Axioma Risk Monitor
Equity edition

Lower asset correlations drive diversification ratio higher; Most major Emerging Market currencies now at or near the low ends of recent risk levels; Momentum continues to recover, while soaring in Australia




Lower asset correlations drive diversification ratio higher


The Diversification Ratio—the ratio of the weighted average total risk of stocks in a benchmark to the benchmark’s total risk—is a measure of the impact of asset-asset correlations on the ability of a manager to effectively diversify a portfolio. Lower correlation means higher diversification, and over the past six months we have seen a sharp increase in the ratio across all of the markets we track closely, with the exception of the UK and China. In those countries, continuing Brexit woes and trade wars, respectively, are impacting individual company fundamentals as drivers of asset returns, thereby keeping correlations from falling as they have in other regions. In most regions, including the UK, the ratio has also climbed sharply over the past few weeks.

See the following charts from the 18 July, 2019 FTSE Developed risk monitor:


Most major Emerging Market currencies now at or near the low ends of recent risk levels


Despite increasing economic uncertainties (we seem to say that a lot), risk for most major emerging market currencies is now near six-month lows relative to the US dollar. Even the Turkish lira, which has by far the highest risk of the major currencies, is at the lowest level of risk it has seen in at least six months. In addition, six-month returns for many currencies are at the high ends of their ranges, with the Egyptian pound standing out, albeit at the high end of a small risk range. The recent decrease in risk may have surprised some investors, who nonetheless should continue to be vigilant about their expected reward for taking on currency risk.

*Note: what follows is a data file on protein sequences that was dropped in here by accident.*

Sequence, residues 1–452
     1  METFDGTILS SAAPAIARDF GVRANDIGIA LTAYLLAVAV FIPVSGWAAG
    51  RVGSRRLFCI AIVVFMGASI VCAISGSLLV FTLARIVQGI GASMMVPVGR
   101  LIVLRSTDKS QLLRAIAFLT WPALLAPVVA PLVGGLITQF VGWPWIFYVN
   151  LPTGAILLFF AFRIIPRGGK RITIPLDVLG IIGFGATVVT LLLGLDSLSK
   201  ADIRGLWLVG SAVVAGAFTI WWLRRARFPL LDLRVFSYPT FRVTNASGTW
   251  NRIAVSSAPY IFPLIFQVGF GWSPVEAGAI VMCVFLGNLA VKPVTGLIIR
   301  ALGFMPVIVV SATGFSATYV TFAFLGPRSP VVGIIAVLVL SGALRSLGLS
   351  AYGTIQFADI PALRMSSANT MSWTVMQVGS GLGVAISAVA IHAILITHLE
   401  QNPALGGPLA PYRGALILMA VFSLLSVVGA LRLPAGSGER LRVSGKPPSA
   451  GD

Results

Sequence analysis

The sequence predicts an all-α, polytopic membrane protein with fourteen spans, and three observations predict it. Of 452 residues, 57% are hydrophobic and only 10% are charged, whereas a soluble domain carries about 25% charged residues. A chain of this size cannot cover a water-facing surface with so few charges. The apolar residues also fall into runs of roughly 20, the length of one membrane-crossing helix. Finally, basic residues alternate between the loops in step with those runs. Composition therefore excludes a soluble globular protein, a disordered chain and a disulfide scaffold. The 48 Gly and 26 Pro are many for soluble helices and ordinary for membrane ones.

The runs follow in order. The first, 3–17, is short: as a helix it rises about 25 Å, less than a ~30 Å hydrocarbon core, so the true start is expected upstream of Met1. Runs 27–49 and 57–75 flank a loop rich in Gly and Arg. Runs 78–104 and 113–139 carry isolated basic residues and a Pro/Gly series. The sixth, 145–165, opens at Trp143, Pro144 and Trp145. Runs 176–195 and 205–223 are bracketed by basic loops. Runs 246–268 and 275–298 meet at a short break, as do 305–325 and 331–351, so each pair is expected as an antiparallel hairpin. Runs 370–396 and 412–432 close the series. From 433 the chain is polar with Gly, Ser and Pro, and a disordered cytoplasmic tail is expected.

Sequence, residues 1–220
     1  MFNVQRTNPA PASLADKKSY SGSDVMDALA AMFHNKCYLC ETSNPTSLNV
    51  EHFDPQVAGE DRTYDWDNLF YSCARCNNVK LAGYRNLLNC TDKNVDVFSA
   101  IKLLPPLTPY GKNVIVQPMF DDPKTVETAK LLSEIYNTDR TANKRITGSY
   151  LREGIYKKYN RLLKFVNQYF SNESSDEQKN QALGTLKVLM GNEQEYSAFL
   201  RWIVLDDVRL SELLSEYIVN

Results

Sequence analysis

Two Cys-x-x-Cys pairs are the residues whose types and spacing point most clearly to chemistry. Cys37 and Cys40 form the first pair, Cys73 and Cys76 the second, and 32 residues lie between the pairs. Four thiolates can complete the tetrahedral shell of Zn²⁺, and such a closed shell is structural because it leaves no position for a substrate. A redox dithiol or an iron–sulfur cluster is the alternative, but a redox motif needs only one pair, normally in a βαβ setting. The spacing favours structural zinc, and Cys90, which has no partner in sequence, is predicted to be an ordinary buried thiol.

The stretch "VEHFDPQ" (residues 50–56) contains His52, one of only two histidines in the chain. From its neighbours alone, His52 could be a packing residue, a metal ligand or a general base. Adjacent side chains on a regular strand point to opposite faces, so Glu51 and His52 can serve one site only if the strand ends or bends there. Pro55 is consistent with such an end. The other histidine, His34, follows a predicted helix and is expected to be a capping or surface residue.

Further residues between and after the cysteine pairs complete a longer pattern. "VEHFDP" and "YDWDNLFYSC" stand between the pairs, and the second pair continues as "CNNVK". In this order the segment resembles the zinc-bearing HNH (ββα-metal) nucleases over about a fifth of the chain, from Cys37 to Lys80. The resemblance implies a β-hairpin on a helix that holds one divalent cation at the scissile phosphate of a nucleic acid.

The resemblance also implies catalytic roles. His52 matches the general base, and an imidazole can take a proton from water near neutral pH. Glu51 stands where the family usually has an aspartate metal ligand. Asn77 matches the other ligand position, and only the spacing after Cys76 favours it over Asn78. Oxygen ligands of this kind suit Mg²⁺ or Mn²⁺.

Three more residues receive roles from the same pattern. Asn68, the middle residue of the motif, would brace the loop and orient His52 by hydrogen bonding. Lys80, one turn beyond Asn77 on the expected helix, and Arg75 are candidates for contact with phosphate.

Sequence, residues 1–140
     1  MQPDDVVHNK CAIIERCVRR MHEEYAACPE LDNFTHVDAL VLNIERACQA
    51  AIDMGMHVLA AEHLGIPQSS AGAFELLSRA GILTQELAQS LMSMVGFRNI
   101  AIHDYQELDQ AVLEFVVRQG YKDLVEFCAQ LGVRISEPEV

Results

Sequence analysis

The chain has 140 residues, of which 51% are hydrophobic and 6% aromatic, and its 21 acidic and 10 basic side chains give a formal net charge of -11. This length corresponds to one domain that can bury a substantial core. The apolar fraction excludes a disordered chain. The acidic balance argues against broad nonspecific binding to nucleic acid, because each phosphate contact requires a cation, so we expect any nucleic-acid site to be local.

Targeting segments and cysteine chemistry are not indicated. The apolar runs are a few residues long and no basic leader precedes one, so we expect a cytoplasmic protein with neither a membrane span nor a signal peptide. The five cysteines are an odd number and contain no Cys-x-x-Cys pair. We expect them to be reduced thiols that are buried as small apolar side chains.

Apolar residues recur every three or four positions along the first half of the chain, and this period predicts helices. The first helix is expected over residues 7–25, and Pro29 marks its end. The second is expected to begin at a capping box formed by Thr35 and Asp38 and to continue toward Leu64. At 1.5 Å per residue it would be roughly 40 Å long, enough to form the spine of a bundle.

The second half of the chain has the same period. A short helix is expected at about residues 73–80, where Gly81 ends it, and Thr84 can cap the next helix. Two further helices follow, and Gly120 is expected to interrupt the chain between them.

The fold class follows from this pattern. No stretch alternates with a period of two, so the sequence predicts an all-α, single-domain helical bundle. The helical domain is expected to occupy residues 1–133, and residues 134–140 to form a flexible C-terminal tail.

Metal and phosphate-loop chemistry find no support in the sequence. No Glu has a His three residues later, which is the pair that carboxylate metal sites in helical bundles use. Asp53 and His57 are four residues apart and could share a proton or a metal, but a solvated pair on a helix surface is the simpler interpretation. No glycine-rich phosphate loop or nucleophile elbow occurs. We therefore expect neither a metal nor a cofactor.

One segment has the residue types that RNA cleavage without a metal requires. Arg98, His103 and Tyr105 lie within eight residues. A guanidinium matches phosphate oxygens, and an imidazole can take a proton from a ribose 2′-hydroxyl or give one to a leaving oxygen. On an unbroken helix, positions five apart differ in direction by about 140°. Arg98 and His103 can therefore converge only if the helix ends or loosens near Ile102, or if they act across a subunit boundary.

See the following chart from the 18 July, 2019 Emerging Markets Risk Monitor:



Momentum continues to recover, while soaring in Australia


Medium-Term Momentum had a tough go earlier this year, but recent returns have pulled it into the black in most regions. Excluding Japan, where the return was negative, over the past six months the factor’s return has ranged from 1.6% in Axioma’s European model to more than 9% in Australia, no doubt a relief to many investors who tilt on Momentum. One-month returns have also been positive, ranging from just 0.03% in Europe to 1.25% in US Small Cap (again excluding Japan where the factor’s return was -1.2%). Much more detail appears in our second-quarter Axioma Insight report (download here). A point worth noting is that in the US and the WW4 models Momentum seemed to fare better on the short side, meaning the high returns stated here may not have been achievable to many long-only investors.

See the following charts from the 18 July, 2019 Australia Risk Monitor:



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Webinar Replay | Axioma Insight™ Q2 2019 Risk Review

In this webinar Melissa Brown, Managing Director of Applied Research, provided illuminating insights into key drivers of risk and the resulting implications for portfolio managers, risk managers, investment strategists and all those wrestling with the uncertainties facing today’s markets.

Watch the recording here.

Webinar | Axioma Insight™ Q2 2019 Risk Review APAC

Date: August 8, 2019
Time: 10:00 AM HKT / 11:00 AM JST

In this webinar, Olivier d’Assier will identify the key drivers of market risk in the previous quarter, draw some conclusions as to the nature of risk currently, and make present insight as to which sources of risk will be most influential in the current quarter.

Register here.


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Axioma Risk Monitor

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Note: The recent decision by FTSE to add China A Stock Connect stocks to its indices had little effect on their risk, since the A shares were added initially with a small (25%) weight. However, the addition of so many names has had an impact on the average daily trading volume which accounts for the new names at full weight. That is the source of the huge jump in chart 25 in some of the risk monitors.

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